In Wausau, Baldwin pushes for conservation fund renewalSubmitted: 09/11/2018
Ben Meyer
Ben Meyer
Managing Editor / Senior Reporter

In Wausau, Baldwin pushes for conservation fund renewal
WAUSAU - A national conservation group keeps an up-to-the-second counter on its website.

As of Tuesday, it reads 19 days left until the federal Land and Water Conservation Fund expires.

That means hundreds of millions of dollars are at risk of disappearing from projects for parks, trails, rivers, and forests.

The fund takes money from federal oil and gas leases in the ocean and gives it to conservation projects. It needs congressional approval to continue before it expires at the end of the month.

"Without the Land and Water Conservation Fund, we would really be struggling in terms of maintaining those traditions and bringing them to the next generation," said said U.S. Sen. Tammy Baldwin (D-Wisconsin) on Tuesday.

Baldwin talked with sportsmen at a roundtable in Wausau.

She's confident Congress will act to renew the fund by the end of the year. But she worries it might miss the September 30 deadline, which would leave a gap in conservation funding.

"We just want to make sure that those funds are perpetually available for making sure that there's public access to public lands and that we protect our natural resources and wildlife habitats," Baldwin said.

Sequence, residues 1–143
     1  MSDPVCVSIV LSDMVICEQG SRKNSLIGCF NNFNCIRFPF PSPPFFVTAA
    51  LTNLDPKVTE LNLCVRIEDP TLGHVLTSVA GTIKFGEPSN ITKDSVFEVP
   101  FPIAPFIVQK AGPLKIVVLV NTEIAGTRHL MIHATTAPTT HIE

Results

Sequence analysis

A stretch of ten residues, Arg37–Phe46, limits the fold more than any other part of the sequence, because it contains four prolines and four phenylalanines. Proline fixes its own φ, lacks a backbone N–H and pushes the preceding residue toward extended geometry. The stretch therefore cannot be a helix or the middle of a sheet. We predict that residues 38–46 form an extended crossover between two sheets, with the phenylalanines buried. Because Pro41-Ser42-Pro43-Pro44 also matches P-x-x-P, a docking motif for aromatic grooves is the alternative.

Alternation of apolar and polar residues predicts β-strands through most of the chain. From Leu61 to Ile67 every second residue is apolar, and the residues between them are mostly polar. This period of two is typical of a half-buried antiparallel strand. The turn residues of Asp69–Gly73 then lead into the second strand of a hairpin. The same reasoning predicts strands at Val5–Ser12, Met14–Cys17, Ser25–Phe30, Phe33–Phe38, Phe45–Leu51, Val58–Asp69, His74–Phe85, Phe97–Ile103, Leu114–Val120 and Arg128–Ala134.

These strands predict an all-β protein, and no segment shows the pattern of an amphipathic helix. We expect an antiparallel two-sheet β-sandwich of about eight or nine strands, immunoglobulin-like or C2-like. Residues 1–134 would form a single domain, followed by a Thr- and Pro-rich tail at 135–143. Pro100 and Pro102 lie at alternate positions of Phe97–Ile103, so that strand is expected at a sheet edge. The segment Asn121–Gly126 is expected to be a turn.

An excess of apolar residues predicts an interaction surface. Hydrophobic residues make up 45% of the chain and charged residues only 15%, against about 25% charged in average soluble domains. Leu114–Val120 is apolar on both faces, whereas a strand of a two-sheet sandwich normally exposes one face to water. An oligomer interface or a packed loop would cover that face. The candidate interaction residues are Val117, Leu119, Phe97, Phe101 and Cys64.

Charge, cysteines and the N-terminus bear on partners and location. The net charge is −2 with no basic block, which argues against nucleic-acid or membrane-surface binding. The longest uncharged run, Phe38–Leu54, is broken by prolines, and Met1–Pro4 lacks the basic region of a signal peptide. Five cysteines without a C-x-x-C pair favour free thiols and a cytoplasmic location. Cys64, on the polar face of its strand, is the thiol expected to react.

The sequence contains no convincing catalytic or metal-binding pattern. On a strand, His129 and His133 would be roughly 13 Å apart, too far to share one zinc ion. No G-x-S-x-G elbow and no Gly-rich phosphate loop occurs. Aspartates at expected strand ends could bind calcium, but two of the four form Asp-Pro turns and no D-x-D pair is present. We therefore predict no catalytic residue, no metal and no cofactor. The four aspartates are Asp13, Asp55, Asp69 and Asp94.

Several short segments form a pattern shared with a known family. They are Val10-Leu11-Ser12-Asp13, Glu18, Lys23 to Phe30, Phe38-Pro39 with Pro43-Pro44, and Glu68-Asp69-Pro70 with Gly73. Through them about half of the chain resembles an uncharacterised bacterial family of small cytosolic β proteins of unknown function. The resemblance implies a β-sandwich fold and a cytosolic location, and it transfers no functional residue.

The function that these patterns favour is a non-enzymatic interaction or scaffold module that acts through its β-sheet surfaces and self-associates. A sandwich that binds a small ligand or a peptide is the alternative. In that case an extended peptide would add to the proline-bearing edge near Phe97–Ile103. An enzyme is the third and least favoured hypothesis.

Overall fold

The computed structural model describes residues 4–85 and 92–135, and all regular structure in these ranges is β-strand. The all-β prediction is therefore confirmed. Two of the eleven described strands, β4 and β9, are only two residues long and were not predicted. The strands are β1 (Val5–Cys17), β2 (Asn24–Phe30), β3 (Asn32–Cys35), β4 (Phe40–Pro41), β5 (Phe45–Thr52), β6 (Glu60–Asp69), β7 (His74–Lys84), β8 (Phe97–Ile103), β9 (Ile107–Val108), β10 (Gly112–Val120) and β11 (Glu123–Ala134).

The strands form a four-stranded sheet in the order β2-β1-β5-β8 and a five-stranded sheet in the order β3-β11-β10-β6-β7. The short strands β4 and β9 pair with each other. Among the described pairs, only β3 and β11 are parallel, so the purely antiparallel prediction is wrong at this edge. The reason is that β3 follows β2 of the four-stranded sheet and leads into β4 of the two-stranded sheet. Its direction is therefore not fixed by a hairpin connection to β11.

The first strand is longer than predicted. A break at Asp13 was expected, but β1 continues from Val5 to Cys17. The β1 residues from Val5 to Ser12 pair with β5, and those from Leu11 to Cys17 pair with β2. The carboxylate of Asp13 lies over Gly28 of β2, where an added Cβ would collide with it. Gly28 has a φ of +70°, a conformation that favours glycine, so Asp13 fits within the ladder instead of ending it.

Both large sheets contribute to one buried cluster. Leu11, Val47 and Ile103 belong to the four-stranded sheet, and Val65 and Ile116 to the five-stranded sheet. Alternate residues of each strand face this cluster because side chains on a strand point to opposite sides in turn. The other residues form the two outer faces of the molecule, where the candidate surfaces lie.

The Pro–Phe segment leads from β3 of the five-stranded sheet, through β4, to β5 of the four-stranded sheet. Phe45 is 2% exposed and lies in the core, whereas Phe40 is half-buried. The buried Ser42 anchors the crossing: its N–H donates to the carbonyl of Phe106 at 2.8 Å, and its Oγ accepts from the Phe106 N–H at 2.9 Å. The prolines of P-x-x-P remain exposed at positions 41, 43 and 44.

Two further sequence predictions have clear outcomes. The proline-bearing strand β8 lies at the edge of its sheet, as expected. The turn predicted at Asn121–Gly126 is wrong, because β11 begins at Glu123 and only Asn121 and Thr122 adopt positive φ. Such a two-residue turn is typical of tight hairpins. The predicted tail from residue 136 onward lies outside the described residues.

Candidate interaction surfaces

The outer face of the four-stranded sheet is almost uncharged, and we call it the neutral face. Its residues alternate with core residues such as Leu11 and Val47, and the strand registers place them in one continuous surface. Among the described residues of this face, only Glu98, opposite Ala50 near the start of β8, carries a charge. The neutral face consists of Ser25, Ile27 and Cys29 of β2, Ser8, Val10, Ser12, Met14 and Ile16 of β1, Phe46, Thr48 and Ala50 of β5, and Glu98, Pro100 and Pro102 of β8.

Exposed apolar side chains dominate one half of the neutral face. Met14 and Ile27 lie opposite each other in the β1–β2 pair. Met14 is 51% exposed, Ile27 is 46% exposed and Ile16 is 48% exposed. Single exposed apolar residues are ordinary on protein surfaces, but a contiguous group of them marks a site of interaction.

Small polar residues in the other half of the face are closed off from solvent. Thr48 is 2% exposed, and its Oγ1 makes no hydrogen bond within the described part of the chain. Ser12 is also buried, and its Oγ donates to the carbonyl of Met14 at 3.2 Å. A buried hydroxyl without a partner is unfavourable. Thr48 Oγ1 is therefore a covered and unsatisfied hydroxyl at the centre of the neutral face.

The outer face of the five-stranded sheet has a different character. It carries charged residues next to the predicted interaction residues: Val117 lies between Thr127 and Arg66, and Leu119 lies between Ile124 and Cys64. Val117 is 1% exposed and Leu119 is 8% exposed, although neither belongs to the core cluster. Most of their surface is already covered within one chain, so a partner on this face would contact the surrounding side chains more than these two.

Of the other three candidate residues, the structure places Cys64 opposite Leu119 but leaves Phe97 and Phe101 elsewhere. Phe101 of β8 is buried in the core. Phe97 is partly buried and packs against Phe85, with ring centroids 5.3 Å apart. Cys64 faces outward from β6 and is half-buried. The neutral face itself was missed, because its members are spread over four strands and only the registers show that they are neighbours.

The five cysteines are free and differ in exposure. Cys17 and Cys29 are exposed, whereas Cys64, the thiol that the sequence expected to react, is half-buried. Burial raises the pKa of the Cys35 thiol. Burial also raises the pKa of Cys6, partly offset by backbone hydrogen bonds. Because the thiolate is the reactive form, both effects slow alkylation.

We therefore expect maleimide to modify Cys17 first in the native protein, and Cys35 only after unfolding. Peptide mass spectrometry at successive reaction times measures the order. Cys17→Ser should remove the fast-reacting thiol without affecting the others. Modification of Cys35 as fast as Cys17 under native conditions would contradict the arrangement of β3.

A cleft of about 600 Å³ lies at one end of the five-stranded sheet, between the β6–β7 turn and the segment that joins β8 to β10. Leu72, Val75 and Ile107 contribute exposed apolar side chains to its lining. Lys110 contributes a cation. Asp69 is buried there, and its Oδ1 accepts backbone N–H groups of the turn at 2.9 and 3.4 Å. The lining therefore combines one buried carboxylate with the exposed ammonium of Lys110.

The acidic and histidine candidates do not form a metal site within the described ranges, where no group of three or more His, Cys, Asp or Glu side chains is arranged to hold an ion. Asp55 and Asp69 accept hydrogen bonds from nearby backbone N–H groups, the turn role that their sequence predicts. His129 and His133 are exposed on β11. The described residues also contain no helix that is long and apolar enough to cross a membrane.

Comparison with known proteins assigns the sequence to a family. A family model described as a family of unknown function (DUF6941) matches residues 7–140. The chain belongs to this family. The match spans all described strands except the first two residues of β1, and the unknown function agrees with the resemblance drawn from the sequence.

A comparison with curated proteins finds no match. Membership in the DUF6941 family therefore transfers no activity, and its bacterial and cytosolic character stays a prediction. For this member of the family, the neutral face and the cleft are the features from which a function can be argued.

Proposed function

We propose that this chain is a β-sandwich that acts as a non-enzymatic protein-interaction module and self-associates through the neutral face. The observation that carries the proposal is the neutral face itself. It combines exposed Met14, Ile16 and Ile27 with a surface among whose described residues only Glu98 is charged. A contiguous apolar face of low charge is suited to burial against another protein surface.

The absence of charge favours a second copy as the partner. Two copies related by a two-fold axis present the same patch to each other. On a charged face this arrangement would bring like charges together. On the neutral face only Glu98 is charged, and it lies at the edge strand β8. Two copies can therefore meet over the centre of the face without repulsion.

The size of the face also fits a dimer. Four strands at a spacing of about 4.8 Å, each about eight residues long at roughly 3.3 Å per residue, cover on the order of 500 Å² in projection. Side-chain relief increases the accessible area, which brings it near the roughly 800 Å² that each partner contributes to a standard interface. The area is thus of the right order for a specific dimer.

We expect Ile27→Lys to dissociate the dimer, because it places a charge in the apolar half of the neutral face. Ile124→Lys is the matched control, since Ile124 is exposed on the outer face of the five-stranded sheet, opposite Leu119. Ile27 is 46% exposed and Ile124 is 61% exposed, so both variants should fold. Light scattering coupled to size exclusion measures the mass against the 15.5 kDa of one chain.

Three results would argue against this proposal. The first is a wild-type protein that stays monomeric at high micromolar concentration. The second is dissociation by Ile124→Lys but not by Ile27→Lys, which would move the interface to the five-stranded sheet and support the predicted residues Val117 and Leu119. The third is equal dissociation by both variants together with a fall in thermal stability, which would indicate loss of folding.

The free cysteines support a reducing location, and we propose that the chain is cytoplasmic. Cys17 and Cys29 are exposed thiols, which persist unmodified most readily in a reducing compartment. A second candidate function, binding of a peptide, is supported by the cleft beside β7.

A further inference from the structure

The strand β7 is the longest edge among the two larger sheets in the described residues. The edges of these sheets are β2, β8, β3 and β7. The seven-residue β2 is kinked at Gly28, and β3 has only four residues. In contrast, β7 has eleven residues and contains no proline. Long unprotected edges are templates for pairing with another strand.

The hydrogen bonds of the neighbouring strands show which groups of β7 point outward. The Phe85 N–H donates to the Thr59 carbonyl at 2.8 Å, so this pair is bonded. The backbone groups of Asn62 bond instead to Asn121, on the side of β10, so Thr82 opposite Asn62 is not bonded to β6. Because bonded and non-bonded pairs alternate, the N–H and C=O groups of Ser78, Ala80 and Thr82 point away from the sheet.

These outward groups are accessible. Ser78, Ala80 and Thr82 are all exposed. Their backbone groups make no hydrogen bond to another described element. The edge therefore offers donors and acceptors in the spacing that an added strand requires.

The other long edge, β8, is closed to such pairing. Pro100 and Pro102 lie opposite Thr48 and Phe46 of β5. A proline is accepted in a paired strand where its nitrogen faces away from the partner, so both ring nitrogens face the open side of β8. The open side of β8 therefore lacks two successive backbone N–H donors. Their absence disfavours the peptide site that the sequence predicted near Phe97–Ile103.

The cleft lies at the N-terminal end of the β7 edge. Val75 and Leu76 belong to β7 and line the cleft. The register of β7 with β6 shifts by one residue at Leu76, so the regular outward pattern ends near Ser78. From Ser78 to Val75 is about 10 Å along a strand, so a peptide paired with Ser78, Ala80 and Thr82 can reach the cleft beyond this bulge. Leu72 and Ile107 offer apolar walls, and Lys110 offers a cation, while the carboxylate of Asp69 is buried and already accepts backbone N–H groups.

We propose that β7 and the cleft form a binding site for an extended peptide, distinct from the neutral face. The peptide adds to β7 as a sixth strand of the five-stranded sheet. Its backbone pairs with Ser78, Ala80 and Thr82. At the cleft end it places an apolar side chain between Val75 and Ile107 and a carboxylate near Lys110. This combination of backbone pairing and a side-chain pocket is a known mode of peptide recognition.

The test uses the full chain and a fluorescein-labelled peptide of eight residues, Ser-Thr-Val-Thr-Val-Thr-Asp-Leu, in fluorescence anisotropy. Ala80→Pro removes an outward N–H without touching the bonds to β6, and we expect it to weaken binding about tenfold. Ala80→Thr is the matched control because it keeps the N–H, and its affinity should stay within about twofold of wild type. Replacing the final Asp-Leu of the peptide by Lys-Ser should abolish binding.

Outdoor spaces can have an economic impact, too.

William Koepke told Baldwin about his small business in Stevens Point, called Rekt. He relies on quality natural spaces for outdoor athletic coaching.

"Rekt is looking to bridge the gap between traditional health and fitness training, strength and conditioning, along with all of our wonderful outdoor spaces," Koepke said.

Koepke supports reauthorizing the Land and Water Conservation Fund.

He needs outdoor resources for his business. But he's also fighting for them for his dad, who survived a heart attack two years ago. Koepke's father is an avid outdoorsman.

"Show me another 56-year-old post-heart attack that's doing that kind of work," he said. "It's because of these public lands, these waterways, this access that we have that gave him the reason to kind of get back in the saddle and keep pushing."

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